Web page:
Tutors: Lindsay Bremner & Roberto Bottazzi
Lindsay Bremner is an architect and Director of Architecture Research in the Faculty of Architecture and the Built Environment at the University of Westminster. She is Principal Investigator of the Monsoon Assemblages project.
Roberto Bottazzi is an architect, researcher, and educator based in London. He is a Senior Lecturer at University of Westminster and a Teaching Fellow at the Bartlett, UCL, where he teaches RC14 in the Master of Urban Design Programme.
Monsoon Assemblages Dhaka: Design In(g) a Delta
For three years DS18 is part of Monsoon Assemblages, a five-year long research project funded by the European Research Council investigating three South Asian cities – Chennai, Dhaka and Yangon. In 2016/17 the studio worked in Chennai, Tamil Nadu in South India, where design was framed by the materiality of ‘wetland;’ in 2017/18 we will work in Dhaka, Bangladesh, framed by the materiality of ‘delta,’ and in 2018/19 we will work in Yangon, Myanmar, framed by the materiality of ‘river.’
The studio will begin by requiring students to map and simulate the geological, hydrological and socio-political processes and practices shaping the Bangladesh delta and the climatic challenges it faces. Three digital workshops will introduce the students to the themes and techniques of the studio and invite them to design an infrastructural prototype to intervene spatially to improve the socio-ecological outcomes of the territory.
The field trip to Bangladesh will take place from November 03 – 13 2017. Students will spend 5 days in Dhaka hosted by the Bengal Institute of Architecture, Landscape and Settlements. They will visit the ancient city of Sonargoan and Louis Kahn’s Bangladesh Parliament Building, undertake site surveys and present their infrastructural prototype at a one day design workshop. They will then take a five-day trip by boat and bus through the delta to the Bay of Bengal, visiting Barisal and Kuakata (these arrangements are still subject to final confirmation). On return from Dhaka, the students will refine their prototype and build it as a physical model.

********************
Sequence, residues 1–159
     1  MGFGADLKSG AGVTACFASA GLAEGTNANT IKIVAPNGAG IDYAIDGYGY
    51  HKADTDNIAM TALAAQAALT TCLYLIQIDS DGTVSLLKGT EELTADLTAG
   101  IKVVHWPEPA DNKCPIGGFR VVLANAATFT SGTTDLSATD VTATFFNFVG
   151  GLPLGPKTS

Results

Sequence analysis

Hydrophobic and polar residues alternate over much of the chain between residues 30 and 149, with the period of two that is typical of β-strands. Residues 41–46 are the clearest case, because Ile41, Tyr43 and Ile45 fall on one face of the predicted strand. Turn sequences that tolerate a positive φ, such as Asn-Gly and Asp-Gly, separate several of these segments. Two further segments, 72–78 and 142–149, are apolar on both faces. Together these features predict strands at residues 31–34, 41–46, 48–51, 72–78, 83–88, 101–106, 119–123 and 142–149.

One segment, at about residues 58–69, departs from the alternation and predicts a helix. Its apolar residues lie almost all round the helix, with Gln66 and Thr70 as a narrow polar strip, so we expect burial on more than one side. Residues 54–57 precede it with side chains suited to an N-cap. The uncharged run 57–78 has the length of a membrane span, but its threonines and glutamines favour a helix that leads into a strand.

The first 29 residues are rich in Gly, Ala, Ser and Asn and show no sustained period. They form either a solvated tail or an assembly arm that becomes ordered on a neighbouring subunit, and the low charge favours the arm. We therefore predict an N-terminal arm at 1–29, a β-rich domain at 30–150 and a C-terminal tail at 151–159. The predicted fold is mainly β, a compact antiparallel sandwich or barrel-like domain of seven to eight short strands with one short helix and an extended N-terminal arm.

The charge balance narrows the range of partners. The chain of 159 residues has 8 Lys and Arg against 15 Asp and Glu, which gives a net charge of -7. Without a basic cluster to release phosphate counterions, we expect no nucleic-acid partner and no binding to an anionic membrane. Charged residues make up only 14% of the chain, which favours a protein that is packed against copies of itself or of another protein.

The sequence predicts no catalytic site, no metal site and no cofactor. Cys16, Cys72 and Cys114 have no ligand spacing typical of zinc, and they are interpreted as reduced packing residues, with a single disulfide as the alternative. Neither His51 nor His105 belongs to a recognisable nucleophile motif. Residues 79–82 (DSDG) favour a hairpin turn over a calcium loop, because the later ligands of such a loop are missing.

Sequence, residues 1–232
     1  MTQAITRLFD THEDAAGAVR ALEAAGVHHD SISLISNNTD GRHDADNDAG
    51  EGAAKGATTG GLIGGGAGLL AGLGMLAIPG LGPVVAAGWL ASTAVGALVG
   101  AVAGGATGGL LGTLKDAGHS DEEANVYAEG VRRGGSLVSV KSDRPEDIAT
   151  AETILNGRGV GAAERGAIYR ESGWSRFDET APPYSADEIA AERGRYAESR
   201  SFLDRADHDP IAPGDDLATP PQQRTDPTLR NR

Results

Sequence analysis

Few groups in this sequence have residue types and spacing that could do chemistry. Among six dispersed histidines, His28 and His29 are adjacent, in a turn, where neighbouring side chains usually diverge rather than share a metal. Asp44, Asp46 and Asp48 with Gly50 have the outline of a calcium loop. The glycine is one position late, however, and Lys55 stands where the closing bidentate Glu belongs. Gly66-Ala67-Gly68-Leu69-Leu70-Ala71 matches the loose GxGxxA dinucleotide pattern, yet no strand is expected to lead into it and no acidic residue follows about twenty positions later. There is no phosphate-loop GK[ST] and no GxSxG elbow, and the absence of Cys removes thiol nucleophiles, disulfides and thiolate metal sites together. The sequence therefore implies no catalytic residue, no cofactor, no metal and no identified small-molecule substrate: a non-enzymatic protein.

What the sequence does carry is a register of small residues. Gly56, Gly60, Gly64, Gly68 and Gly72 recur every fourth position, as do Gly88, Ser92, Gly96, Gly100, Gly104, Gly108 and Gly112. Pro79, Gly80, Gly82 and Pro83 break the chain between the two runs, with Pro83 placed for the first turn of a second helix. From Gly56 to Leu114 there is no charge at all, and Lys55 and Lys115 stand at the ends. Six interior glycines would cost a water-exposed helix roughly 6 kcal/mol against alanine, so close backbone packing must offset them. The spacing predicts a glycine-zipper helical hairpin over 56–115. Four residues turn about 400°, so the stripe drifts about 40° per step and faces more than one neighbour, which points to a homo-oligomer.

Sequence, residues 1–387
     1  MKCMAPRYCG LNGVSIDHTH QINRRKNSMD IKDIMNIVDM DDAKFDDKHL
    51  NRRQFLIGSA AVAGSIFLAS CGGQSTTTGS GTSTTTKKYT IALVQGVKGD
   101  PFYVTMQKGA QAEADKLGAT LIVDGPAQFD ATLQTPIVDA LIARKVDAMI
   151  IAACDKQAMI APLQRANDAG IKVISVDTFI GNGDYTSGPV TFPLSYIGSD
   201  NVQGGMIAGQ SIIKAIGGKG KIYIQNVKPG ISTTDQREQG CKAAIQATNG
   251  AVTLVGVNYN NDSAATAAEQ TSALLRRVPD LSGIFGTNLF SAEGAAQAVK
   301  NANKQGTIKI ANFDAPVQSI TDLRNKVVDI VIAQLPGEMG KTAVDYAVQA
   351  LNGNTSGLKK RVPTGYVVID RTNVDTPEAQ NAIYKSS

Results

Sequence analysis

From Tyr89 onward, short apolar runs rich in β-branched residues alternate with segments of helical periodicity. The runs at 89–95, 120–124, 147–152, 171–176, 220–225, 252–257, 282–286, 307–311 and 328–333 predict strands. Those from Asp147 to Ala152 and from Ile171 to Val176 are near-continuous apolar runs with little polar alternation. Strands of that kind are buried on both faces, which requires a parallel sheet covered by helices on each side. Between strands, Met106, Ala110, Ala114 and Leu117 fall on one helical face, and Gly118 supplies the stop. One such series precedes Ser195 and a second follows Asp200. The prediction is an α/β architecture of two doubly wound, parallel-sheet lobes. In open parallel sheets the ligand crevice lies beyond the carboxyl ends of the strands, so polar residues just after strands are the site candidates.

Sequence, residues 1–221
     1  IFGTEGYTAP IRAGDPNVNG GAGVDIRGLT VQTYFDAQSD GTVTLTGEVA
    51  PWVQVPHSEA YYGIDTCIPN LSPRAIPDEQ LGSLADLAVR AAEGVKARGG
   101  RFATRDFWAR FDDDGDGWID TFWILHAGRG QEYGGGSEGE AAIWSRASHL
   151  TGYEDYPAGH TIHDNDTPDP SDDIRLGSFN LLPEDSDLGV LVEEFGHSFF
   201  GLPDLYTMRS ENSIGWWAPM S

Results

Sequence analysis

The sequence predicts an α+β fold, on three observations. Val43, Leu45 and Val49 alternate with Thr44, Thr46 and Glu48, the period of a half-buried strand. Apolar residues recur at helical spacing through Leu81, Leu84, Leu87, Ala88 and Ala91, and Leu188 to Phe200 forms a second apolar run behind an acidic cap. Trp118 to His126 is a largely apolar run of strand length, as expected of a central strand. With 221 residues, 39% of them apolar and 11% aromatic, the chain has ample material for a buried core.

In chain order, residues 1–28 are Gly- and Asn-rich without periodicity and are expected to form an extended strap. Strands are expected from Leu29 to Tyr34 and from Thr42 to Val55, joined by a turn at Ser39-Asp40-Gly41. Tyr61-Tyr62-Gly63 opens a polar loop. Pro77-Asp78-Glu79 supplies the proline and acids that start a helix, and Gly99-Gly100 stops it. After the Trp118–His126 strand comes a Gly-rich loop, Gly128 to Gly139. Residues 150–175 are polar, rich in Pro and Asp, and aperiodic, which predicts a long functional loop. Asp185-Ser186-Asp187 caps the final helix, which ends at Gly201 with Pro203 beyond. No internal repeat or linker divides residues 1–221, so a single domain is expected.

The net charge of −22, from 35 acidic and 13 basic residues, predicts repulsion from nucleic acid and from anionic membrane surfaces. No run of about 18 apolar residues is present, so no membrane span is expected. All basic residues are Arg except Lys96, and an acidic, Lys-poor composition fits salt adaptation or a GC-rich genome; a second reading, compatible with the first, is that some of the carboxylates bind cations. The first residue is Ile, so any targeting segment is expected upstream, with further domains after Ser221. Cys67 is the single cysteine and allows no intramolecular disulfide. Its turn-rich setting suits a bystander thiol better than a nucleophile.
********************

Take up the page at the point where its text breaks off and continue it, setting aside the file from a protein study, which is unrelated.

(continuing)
In the second semester, students will work on a site along Dhaka’s western embankment, an infrastructural barrier around the city built after devastating floods in 1987 and 1988. The students will survey this armature while in Dhaka, identify a site and develop their own prototype as an urban element to engage with the city at multiple scales.
Dhaka, the capital city of Bangladesh, is a city in a delta. It is located in the constantly moving, amphibious territory between land and sea where the freshwater plumes of the Ganges, Brahmaputra and Meghna rivers deposit their silt and mix with the saline water of the Bay of Bengal. Before 1757, when the British East India Company gained control of Bengal, Dhaka was known for its cotton. By 1830 however its textiles had lost their viability, largely due to the industrial scale production of muslin in Britain. This, along with colonial administrative practices, devastating famines, floods and earthquakes resulted in the collapse of Bengal’s manufacturing and peasant economies. A century later, the partition of British India in 1947 placed East Bengal under the rule of Pakistan. Large numbers of the Hindu population departed for India, while Muslim immigrants arrived from neighbouring Indian states.
In 1970, Cyclone Bhola devastated much of the region. Poor cyclone relief efforts and ongoing regional discrimination by Pakistan resulted, after what amounted to mass genocide, in the creation of the independent state of Bangladesh with Dhaka as its capital. It attracted migrant workers from rural areas across Bangladesh and grew rapidly. Since the 1990’s Bangladesh has had one of the fastest growing economies in the world. Its urban population has grown from 10 million in 1990 to a projected 32 million in 2025, most of this concentrated in Dhaka. These dynamics have resulted in an “embattled scenario” between Dhaka and its delta, requiring new architectural and urban design thinking to secure its future as a viable human settlement.